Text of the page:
This attack is generic. It doesn’t have anything to do, in specifics, with centrifuges, with uranium enrichment. So it would work as well, for example, in a power plant or in an automobile factory. It is generic. And you don’t have — as an attacker — you don’t have to deliver this payload by a USB stick, as we saw it in the case of Stuxnet. You could also use conventional worm technology for spreading. Just spread it as wide as possible. And if you do that, what you end up with is a cyber weapon of mass destruction. That’s the consequence that we have to face. So unfortunately, the biggest number of targets for such attacks are not in the Middle East. They’re in the United States and Europe and in Japan. So all of the green areas, these are your target-rich environments ..
My opinion is that the Mossad is involved, but that the leading force is not Israel. So the leading force behind that is the cyber superpower. There is only one, and that’s the United States — fortunately, fortunately. Because otherwise, our problems would even be bigger ..”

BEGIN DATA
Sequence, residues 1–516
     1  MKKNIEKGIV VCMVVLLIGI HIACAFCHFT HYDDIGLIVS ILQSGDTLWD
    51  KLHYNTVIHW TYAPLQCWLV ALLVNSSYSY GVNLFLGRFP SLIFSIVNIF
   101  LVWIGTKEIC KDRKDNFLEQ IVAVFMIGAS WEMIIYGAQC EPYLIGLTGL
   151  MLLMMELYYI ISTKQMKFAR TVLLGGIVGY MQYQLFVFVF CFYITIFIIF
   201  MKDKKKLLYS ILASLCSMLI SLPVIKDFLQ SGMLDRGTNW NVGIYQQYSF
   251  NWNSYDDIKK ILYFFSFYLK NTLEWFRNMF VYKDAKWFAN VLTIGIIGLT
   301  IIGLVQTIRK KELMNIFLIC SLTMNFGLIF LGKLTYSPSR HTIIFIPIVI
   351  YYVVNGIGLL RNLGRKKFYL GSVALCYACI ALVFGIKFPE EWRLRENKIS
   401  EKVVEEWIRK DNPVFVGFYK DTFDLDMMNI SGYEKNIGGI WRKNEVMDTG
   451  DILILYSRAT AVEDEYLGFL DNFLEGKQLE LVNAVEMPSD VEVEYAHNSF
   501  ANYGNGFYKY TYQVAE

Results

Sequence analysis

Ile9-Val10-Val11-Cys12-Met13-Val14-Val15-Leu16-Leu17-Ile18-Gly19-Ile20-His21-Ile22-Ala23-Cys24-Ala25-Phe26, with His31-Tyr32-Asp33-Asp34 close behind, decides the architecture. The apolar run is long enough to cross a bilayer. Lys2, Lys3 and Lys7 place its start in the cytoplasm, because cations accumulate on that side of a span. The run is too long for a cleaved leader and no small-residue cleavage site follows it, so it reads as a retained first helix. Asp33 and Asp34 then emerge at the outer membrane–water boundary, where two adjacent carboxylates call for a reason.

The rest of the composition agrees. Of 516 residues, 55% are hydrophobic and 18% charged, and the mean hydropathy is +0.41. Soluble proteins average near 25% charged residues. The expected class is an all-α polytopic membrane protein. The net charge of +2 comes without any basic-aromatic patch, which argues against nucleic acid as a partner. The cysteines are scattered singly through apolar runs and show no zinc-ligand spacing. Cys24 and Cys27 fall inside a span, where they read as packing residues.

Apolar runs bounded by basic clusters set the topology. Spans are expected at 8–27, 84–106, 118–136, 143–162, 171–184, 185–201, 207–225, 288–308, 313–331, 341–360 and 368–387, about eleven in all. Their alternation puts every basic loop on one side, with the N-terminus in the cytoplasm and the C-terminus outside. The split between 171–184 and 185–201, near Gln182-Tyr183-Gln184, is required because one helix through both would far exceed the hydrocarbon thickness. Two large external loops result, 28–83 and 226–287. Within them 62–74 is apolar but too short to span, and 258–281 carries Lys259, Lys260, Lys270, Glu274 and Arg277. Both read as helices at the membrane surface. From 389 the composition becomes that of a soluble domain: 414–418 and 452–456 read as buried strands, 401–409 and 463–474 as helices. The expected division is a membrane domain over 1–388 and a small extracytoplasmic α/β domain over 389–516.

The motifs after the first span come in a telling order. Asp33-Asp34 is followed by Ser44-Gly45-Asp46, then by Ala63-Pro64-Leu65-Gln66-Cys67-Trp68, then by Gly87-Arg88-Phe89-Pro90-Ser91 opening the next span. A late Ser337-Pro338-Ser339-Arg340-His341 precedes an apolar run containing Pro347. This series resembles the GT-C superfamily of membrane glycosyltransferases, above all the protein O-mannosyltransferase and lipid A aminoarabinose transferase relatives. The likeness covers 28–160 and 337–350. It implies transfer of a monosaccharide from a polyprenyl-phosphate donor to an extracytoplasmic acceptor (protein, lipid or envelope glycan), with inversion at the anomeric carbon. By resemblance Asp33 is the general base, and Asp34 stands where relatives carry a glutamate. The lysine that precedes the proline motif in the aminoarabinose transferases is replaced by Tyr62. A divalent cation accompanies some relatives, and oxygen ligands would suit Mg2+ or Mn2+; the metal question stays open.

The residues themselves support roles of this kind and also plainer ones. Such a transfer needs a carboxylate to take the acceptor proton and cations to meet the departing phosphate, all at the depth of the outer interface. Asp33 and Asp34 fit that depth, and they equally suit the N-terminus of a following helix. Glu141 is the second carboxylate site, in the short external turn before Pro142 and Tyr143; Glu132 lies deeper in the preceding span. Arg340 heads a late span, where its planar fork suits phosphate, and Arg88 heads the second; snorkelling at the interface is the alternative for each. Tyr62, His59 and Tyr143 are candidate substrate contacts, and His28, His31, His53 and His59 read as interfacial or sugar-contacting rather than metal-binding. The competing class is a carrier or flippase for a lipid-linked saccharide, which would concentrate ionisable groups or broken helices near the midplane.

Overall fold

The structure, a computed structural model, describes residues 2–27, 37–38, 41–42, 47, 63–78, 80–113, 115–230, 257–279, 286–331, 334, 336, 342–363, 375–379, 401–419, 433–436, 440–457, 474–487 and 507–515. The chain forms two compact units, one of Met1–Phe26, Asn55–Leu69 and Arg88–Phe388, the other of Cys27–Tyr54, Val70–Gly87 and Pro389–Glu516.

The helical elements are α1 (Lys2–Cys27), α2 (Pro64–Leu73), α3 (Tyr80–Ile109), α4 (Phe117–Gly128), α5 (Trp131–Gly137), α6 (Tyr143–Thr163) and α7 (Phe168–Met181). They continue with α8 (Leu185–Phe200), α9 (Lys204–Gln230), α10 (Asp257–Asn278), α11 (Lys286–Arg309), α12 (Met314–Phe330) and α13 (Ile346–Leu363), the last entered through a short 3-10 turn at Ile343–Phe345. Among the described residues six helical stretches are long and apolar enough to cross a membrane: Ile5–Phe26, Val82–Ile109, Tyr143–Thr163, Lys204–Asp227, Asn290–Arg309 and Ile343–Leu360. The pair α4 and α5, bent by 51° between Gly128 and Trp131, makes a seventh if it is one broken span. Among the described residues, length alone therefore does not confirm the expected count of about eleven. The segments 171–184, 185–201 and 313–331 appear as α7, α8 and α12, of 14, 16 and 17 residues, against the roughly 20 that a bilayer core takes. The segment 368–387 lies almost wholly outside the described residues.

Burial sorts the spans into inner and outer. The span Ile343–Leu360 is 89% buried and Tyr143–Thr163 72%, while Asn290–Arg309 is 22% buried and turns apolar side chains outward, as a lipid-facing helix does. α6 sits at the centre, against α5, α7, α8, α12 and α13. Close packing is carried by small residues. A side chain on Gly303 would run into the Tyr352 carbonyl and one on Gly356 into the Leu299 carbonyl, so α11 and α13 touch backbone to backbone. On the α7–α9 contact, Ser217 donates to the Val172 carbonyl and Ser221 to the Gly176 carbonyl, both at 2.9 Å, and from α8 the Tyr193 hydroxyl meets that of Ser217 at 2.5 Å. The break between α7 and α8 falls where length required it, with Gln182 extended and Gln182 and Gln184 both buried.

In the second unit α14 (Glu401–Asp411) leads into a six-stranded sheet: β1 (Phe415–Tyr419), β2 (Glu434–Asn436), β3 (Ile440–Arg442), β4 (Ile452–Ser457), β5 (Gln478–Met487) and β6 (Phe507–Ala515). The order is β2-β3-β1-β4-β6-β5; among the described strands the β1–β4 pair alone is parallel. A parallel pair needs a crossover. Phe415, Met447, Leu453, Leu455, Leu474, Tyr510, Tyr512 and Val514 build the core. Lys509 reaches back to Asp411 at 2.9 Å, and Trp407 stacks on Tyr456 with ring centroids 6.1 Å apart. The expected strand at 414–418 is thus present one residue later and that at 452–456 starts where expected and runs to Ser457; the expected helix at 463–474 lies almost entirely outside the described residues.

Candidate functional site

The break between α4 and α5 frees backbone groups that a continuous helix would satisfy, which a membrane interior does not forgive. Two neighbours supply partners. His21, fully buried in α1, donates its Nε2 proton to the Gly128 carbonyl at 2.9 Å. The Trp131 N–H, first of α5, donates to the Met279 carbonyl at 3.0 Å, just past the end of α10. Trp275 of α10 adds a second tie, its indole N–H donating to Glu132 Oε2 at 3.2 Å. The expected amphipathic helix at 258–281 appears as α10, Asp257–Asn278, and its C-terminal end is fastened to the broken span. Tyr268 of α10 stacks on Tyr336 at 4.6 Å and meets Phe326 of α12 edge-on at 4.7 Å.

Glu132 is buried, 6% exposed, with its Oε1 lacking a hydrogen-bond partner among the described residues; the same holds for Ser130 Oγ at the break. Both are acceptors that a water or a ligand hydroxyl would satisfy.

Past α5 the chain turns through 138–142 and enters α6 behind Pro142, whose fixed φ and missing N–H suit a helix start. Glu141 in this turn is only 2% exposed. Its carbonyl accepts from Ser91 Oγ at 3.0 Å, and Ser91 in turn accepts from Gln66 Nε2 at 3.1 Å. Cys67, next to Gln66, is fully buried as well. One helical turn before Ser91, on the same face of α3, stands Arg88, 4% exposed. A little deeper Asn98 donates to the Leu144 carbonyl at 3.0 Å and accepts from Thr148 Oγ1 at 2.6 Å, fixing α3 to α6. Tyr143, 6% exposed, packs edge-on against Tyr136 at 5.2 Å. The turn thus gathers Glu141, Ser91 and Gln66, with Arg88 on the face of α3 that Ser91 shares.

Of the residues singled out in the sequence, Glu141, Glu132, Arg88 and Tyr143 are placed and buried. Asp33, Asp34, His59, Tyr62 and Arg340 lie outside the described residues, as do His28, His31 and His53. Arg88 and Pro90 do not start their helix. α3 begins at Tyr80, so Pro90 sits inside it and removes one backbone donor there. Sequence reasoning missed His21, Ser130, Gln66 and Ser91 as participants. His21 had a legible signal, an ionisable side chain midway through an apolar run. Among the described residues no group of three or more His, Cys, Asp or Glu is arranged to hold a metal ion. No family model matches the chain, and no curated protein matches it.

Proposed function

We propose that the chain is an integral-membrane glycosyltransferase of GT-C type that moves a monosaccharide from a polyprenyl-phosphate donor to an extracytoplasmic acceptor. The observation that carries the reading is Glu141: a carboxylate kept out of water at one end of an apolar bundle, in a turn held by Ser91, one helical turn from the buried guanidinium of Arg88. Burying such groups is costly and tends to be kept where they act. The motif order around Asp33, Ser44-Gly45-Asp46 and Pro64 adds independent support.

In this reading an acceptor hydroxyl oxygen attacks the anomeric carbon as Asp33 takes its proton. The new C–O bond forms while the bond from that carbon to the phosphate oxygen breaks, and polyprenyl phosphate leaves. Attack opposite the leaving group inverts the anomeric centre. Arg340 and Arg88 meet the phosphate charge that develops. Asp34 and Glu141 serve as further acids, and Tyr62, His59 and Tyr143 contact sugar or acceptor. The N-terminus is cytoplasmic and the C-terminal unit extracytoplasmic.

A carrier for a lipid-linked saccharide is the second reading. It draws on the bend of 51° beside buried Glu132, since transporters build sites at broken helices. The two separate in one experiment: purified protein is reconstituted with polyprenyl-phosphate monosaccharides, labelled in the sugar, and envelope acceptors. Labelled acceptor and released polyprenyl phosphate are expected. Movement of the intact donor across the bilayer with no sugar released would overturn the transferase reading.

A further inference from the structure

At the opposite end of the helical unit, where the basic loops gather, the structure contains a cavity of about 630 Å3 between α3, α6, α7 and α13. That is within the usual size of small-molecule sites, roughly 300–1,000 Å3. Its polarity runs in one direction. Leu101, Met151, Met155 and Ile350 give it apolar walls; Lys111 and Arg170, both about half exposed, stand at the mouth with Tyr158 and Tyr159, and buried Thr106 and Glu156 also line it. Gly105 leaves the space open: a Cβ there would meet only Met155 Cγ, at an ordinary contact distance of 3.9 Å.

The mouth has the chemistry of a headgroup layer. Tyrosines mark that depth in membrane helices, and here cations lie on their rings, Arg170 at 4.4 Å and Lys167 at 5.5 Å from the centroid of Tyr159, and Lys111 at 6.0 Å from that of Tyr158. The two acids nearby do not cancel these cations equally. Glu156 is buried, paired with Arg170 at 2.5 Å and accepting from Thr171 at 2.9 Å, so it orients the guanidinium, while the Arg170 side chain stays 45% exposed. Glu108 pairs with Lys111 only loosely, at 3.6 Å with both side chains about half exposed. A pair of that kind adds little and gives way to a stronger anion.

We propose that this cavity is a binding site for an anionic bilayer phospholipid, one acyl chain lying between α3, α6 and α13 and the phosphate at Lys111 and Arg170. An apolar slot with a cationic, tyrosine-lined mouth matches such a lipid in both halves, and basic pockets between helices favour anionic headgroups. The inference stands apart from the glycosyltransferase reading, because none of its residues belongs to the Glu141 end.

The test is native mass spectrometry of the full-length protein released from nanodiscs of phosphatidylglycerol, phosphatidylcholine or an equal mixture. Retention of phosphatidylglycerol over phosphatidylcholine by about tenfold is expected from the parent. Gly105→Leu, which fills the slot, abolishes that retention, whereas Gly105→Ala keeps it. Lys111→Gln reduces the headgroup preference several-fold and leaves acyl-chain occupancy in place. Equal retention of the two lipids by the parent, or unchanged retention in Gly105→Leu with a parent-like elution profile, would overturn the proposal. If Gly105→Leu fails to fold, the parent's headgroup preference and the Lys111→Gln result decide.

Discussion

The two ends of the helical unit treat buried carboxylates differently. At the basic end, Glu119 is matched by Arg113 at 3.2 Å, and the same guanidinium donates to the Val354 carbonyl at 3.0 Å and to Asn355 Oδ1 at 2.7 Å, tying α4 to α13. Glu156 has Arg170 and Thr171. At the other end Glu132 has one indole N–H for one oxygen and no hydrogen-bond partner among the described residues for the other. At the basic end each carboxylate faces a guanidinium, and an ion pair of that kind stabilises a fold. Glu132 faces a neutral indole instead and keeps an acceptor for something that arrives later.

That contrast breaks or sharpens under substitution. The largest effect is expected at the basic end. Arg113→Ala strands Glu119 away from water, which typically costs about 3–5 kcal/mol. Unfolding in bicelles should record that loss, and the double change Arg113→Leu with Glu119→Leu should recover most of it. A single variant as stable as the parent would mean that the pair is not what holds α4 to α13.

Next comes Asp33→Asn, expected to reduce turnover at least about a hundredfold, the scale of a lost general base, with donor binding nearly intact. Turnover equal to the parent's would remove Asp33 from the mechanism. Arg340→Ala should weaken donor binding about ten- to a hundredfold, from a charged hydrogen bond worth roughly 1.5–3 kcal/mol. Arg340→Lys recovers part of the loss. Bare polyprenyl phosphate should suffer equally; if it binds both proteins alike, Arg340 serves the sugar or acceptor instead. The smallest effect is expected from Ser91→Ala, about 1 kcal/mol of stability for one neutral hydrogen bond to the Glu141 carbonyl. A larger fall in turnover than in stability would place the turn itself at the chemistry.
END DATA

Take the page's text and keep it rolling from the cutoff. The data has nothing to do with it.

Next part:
Cracking Stuxnet, a 21st-century cyber weapon
Ralph Langner, TED2011, March 2011
http://www.ted.com/talks/ralph_langner_cracking_stuxnet_a_21st_century_cyberweapon.html – Full Talk
Interesting article in the Atlantic from the perception of a Chinese student…
“.. Stuxnet is a computer worm that gained notoriety in 2010 as it took down about one fifty of Iran’s nuclear centrifuges. The New York Times describes it as may be “the most sophisticated cyberweapon ever deployed”. Many experts believe that it was developed by either the United States or Israel. And the official Chinese media asserted that Stuxnet is a joint U.S.-Israel project. (Interestingly, to lend itself credibility, one news report from the leading Chinese news agency is entitled “New York Times Confirms U.S.-Israel Development of Computer Worm Targeted at Iran”.)
Does the United States’ (possible) active use of cyber weapons legitimize their use by other countries? And more pertinent to my concern, is China’s insistence on the United States’ involvement in Stuxnet a sign of Beijing’s intention to capitalize on the legitimacy conferred by Stuxnet?